The editorial categories are research topics that have guided researchers during the recovery phase and continue to be the impetus behind the Documents Project’s digital archive and the Critical Documents book series. Developed by the project’s Editorial Board, each of the teams analyzed this framework and adapted it to their local contexts in developing their research objectives and work plans during the Recovery Phase. Learn more on the Editorial Framework page.
In the article entitled “La obra admirable de Diego Rivera” [The praiseworthy work of Diego Rivera], Ortega faithfully follows the steps of his master and in great detail explains each of the figures included in his recently unveiled “decoration,” La Creación [Creation]. Three-quarters of the article is devoted to reviewing it, figure-by-figure, and gesture by gesture, and discussing those figures and gestures he believes were executed the most successfully. Ortega speaks of a crisis in Mexican painting which, in his opinion, is going through a phase of deep discontent, particularly in painting and literature more than any other art form or mode of expression. For him, the “imbalance” is visible. In an interview with El Universal Ilustrado, no painter agreed with the others. One style confronts the other and both are offended, both disagree, fight, and insult each other.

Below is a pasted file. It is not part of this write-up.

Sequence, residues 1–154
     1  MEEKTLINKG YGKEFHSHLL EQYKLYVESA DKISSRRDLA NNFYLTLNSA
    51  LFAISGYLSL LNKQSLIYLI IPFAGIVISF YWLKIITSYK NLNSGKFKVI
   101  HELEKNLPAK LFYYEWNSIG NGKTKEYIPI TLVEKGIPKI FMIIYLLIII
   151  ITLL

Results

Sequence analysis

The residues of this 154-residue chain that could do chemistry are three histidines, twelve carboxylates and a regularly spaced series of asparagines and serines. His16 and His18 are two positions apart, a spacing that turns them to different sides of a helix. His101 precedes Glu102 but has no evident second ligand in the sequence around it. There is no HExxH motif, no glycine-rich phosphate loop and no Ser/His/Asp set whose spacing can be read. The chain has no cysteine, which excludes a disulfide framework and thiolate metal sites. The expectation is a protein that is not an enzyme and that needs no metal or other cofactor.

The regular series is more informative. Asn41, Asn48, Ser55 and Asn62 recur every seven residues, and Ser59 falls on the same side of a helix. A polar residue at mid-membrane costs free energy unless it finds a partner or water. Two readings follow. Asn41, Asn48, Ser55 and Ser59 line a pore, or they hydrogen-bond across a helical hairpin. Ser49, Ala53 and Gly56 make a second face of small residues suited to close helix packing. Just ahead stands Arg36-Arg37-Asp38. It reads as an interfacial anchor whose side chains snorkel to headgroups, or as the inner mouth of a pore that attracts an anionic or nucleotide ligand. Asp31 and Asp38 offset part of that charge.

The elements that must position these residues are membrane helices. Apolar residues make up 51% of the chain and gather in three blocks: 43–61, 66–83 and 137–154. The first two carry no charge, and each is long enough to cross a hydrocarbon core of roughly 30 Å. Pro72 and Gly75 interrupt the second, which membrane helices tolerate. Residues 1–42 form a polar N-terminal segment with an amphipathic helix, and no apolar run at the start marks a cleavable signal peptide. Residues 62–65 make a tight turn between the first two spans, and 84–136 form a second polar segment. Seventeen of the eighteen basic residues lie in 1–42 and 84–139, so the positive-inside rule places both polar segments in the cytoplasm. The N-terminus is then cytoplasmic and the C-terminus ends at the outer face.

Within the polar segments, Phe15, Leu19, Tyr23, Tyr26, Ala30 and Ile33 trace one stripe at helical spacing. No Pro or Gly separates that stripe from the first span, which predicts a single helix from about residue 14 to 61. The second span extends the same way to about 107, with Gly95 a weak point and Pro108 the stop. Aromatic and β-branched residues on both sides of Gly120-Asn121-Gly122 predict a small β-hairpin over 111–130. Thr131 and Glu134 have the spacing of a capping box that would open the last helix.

By 1923, Ortega had a clearer understanding of the art scene and distinguished between the different artistic circles that existed at the time, as well as the terrible antagonism between some of them. The method/modus operandi of Adolfo Best Maugard (1891–1964) was seen by his enemies as effecting spineless, soulless stylizations that communicated nothing. It was in the circle of Diego Rivera (1886–1957), José Clemente Orozco (1883–1949), and Alfredo Ramos Martínez where Ortega found art “with meaning.” And certainty, he continued to erroneously classify Orozco and Ramos Martínez as being part of the same group, even when the Escuelas al Aire Libre [Open-Air Schools] were the workshops from which an illustrious group of painters would emerge.